Despite a changing market for asset consultants, the current oligopoly have managed to maintain a firm hold on the market, with market share remaining at 77%, according to research from Rainmaker Information.
JANA (31.8%), Frontier (26.8%) and Willis Towers Watson (18.8%) have totalled very similar market shares since 2016, after a sharp drop in 2015 from 90%.
The new phenomenon in this market is the use of multiple asset consultants, which now makes up a 22% share of all asset consultant usage.
"Super funds are getting larger and needing to develop their own investment expertise, which has caused many of them to review how they use their investment advisers and asset consultants," said Alex Dunnin, executive director of research at Rainmaker Information.
Australian asset consultants are currently competing for a changing pool of funds, with the $2.2 trillion institutional market seeing more funds being internally managed by superannuation funds.
Not-for-profit super funds now internally manage more than $230 billion which is almost one-fifth of their funds under management.
As Australia's super funds are running their own investments, they are running more investment assets than all but the biggest funds managers.
"This is profoundly disrupting life for Australia's investment managers. Their super fund clients are fast becoming their biggest competitors," said Dunnin.
"As more superannuation funds grow in size and scale, they'll likely want to bring even more of their investment capabilities in-house," he added.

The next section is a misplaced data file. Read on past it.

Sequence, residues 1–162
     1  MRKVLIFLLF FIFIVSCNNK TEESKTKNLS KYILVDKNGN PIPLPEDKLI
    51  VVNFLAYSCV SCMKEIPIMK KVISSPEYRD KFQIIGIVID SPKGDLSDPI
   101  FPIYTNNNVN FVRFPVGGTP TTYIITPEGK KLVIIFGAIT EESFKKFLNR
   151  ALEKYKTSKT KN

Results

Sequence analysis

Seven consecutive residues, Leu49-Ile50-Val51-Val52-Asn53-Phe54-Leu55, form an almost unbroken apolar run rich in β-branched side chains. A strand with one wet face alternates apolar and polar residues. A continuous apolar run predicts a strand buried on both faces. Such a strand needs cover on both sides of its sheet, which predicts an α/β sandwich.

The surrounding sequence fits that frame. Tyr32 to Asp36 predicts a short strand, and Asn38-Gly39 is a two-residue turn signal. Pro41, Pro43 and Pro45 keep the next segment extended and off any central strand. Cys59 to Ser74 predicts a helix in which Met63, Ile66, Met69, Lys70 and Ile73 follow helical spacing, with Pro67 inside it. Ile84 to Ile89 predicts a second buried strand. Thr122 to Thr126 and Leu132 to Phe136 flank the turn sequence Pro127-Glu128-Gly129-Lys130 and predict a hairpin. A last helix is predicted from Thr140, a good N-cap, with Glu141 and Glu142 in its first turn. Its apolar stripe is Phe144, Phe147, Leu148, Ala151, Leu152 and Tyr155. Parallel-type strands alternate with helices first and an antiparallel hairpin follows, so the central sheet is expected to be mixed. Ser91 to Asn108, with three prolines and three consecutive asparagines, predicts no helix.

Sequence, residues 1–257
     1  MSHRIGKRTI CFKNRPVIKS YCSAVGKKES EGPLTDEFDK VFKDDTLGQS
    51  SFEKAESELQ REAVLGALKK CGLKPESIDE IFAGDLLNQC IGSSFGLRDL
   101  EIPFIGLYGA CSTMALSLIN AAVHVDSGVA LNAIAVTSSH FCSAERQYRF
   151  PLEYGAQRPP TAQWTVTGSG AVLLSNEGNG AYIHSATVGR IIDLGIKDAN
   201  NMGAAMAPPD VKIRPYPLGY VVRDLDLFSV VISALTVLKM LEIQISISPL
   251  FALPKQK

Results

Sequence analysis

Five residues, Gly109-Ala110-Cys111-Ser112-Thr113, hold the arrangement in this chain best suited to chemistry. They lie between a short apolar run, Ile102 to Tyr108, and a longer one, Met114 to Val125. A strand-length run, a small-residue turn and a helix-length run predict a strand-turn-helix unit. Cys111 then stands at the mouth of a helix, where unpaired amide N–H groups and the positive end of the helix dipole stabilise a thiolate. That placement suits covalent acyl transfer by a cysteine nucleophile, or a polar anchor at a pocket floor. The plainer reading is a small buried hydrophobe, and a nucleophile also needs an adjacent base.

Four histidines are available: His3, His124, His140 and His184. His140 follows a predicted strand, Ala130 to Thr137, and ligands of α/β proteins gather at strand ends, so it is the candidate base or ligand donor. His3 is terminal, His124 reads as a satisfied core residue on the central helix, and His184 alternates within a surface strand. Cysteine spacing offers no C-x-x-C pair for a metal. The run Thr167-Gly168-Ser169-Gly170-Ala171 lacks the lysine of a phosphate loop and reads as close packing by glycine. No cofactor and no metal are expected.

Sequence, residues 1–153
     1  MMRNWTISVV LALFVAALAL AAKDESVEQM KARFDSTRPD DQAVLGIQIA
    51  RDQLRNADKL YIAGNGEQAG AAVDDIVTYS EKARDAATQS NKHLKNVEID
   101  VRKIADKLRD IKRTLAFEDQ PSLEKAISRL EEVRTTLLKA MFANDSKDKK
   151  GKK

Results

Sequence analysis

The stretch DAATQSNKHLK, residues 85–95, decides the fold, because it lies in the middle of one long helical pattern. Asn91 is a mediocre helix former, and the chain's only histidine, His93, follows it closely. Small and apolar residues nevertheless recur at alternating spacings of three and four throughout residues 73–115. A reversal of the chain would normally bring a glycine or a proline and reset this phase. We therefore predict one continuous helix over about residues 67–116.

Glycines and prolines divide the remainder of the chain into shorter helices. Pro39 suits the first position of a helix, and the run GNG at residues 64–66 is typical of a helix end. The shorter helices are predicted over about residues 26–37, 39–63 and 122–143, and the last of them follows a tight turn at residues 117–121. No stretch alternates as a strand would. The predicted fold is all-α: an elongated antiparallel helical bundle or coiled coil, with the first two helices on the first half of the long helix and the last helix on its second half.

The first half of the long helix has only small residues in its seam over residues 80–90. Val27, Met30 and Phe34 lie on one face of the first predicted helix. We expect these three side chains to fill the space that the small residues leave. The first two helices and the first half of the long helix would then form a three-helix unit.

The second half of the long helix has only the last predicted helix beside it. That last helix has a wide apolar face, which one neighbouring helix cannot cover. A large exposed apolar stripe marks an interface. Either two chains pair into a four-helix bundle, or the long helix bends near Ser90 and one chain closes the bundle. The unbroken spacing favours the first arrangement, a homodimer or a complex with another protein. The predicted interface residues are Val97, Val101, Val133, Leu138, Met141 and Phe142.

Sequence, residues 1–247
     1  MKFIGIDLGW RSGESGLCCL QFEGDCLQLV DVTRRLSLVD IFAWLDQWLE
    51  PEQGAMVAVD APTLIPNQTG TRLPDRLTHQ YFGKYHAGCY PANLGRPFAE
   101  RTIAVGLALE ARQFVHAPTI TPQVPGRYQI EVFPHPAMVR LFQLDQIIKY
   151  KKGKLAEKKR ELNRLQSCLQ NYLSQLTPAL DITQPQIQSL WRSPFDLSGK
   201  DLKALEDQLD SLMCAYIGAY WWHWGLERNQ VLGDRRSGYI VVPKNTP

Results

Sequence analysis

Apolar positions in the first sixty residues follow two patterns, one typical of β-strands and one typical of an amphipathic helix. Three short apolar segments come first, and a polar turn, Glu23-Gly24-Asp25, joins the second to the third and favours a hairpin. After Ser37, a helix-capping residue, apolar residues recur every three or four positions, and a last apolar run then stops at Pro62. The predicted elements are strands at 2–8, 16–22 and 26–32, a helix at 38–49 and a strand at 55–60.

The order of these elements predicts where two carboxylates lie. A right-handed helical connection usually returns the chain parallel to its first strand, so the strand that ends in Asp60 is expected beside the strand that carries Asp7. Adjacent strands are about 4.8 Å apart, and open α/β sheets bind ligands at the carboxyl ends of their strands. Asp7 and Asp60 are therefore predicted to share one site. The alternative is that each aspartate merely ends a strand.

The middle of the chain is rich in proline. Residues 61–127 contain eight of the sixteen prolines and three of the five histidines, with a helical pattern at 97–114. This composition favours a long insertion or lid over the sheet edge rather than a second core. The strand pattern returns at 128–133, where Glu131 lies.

"It's not a coincidence that some of the funds managing the most money internally also happen to be some of the largest funds in Australia."
"With the recent budget announcements heralding further consolidation among superannuation funds, this trend is likely to continue. It will present further challenges for asset consultants and force them to develop new business models and enter new markets."
UniSuper, AustralianSuper, QSuper, Aware Super and Southern State Superannuation Scheme are the biggest super funds that internally managed investments in Australia, according to Rainmaker's research.
UniSuper manages about 70% of its $83 billion internally. QSuper, AustralianSuper, Rest Super and Aware Super manage about 30% each.
Australian equities accounts for the largest share of superannuation assets being internally managed, followed by cash, international equities and Australian bonds.